- Gesponsord bericht
Outbreak Threatens Border
By Bojan Pancevski in Munich
The Telegraph - UK
Germany has been accused of negligence and incompetence by France for
failing to tackle an outbreak of rabies that is threatening to spread across
The outbreak, which began in the state of Hessen, has reached almost
epidemic proportions with dozens of rabid foxes - the main carriers of the
disease - reported in recent months.
To the fury of the French, who have spent millions of euros on an
eradication programme, German health officials announced last week that the
first cases could turn up in France this month.
The news has alarmed France's tourism chiefs as they gear up for the summer
influx of visitors. About 75 million tourists visited the country last year,
nearly 15 million of them Britons.
In humans, rabies affects the central nervous system. It is typically spread
through a bite from an infected animal. From initial flu-like signs and
symptoms, the illness progresses to convulsions, hallucinations, paralysis
or breathing failure. Once established, it is almost always fatal.
French officials have laid 80,000 fishmeal briquettes baited with a rabies
vaccine along the German border.
In Germany's worst-affected state, Rheinland-Pfalz, which borders Belgium,
France and Luxembourg, 25 rabid foxes have been killed this year.
With the exception of Poland, all Germany's neighbours have invested heavily
in vaccination programmes. They are now concerned that rabid animals will
cross their borders and re-introduce the lethal disease.
Germany first admitted that it had lost control of rabies at the start of
the year, two months after the first reported case in Hessen in November.
Birgit Straubinger, a disease prevention officer for the local ministry of
environmental affairs and forestry, said: "We wrongly considered the Rhine
to be a natural border that wouldn't be crossed by the foxes. This was a
Dr Florence Cliquet, head of the French rabies laboratory at the Agence
Française de Sécurité Sanitaire des Aliments, said that it was only one of a
series of mistakes. She said that unlike France, the Benelux countries and
Switzerland, all of which are rabies-free, the Germans were using a vaccine
which was not approved by the World Health Organisation, and was so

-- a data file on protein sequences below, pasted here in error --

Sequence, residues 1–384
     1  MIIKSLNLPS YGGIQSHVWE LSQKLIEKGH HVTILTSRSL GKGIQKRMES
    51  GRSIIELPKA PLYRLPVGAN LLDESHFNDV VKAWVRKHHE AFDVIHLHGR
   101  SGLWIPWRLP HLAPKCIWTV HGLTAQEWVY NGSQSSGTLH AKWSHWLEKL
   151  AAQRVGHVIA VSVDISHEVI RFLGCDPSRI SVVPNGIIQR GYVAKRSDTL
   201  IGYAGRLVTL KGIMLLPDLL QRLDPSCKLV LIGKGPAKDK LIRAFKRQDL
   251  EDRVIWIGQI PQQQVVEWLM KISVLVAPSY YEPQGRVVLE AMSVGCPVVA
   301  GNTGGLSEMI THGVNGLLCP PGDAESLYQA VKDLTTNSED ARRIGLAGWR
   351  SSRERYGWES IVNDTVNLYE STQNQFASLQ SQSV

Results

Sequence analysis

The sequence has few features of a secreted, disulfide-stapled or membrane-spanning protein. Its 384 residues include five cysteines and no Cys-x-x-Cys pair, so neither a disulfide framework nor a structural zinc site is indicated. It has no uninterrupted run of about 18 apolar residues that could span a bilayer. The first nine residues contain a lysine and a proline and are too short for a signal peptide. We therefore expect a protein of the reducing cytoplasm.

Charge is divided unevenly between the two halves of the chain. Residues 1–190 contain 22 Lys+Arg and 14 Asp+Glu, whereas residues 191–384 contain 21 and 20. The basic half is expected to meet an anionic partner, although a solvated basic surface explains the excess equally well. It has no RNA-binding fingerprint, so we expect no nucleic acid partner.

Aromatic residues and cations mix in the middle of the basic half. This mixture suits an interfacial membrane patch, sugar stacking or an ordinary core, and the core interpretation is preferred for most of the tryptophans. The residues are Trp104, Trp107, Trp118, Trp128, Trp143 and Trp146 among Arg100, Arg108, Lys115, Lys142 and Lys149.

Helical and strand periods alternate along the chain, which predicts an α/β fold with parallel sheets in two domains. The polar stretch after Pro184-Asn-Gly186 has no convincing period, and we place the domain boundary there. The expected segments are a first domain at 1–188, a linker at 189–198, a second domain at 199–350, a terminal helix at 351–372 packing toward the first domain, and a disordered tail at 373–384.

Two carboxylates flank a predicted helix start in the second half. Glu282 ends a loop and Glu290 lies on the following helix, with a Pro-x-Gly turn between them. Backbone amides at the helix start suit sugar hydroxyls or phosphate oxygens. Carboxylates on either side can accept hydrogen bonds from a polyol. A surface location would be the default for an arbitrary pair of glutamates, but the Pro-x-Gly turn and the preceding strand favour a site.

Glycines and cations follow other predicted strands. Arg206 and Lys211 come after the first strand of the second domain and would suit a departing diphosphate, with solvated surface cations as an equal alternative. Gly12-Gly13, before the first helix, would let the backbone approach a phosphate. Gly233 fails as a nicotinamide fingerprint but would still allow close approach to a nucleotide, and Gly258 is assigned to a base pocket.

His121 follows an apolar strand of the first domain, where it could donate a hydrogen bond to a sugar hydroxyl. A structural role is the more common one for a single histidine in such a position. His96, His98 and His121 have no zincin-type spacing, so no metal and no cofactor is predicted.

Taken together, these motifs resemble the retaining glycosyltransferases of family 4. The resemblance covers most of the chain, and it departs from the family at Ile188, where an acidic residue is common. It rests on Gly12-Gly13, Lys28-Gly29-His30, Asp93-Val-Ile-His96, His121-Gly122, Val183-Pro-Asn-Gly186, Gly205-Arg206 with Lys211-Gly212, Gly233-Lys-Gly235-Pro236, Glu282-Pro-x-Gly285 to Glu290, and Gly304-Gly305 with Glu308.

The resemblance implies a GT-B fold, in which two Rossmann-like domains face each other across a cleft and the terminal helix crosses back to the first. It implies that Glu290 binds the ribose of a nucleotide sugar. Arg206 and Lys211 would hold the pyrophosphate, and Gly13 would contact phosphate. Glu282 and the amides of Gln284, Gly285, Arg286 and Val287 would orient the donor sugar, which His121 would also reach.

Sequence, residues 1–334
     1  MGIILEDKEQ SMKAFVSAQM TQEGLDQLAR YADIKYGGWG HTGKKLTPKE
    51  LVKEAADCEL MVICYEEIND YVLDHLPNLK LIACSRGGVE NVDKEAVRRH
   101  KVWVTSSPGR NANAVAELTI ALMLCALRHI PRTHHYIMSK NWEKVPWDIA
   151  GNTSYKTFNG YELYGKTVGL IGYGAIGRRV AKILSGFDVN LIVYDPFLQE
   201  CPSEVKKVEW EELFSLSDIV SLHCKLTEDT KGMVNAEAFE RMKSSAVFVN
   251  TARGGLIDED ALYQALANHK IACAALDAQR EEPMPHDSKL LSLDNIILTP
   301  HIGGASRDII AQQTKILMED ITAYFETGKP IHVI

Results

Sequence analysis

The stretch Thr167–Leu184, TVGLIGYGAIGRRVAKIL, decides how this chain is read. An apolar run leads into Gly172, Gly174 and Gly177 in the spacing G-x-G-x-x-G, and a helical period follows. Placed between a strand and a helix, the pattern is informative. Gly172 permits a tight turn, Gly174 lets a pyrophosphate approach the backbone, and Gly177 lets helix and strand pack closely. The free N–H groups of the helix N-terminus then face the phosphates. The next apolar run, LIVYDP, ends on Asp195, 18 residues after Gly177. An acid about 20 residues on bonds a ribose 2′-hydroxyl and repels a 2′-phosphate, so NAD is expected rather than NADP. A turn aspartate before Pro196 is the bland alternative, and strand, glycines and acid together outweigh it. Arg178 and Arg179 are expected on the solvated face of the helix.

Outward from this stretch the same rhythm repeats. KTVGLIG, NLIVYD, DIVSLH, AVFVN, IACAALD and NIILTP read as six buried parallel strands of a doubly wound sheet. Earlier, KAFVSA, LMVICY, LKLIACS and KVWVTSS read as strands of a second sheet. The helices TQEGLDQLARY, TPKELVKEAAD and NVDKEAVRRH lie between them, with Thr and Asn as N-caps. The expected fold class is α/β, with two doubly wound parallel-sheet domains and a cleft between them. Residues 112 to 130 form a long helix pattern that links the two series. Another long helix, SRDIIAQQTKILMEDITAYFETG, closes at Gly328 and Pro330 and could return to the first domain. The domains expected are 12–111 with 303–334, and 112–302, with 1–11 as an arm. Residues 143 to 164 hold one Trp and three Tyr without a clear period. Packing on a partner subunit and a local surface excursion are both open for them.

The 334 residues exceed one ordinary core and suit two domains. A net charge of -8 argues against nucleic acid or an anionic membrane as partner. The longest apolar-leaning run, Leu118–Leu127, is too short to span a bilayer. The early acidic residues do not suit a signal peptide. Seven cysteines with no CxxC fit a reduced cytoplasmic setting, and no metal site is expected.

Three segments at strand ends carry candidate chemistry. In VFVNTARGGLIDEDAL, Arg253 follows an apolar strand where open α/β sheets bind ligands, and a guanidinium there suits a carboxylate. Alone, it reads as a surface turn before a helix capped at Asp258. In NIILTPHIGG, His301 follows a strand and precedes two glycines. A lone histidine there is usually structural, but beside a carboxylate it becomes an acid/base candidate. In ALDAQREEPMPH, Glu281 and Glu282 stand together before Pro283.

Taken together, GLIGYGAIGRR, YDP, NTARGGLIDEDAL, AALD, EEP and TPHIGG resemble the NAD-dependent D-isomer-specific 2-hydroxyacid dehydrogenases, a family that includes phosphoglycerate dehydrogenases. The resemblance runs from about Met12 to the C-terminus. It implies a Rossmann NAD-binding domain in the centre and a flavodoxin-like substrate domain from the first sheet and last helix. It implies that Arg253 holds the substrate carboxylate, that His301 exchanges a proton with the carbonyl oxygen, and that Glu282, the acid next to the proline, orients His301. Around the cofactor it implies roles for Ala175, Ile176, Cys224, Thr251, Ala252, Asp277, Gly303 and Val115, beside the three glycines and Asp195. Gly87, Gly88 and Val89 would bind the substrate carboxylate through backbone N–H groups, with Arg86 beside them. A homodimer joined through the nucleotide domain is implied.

temperature-sensitive that it easily became ineffective.
"It has also been known to cause vaccine rabies cases, in which the animals
actually get the virus from the vaccine," she said.
"Secondly, they drop the vaccine-baits from aircraft or use hunters to
distribute them by hand, which has proven very inefficient in other
"We use helicopters that are much more precise and allow for bait to be
spread even in suburban areas, which is essential. As for the hunters, we
stopped relying on them as long ago as 1986. They were more likely to be
enjoying a beer in the pub than carefully laying vaccine baits over a
designated area," she said.
Despite French concerns, the Germans are persisting with their approach.
Only last week, they dropped a further 100,000 vaccine baits from the air
and distributed 30,000 more by hand in Hessen alone. Yet Ms Straubinger
admitted that the French were right to be worried. "Their caution is fully
justified but we are doing our best to fight the disease spreading," she
"A large-scale vaccination programme is being carried out every six weeks.
We are trying to make sure as many foxes as possible in the affected areas
are shot. Rabies has a long incubation period, meaning that infected animals
carry the virus long before it breaks out."
Critics accuse Germany of being too slow to co-ordinate its anti-rabies
efforts. Its strategy is now being supervised by Dr Thomas Mueller, head of
a WHO laboratory at the German Research Institute for Animal Health in
Wusterhausen. He had admitted that German officials "simply forgot" to
distribute vaccine by hand in Hessen.
He also conceded that only after EU inspectors went to Hessen was it
discovered that the expensive vaccine was not being stored properly,
rendering it useless.
While Mr Mueller is optimistic that the disease can be contained, Dr Cliquet
believes France needs to brace itself for infection: "I really don't believe
they will be able to either eradicate or fully contain the disease this
© Copyright of Telegraph Group Limited 2005.
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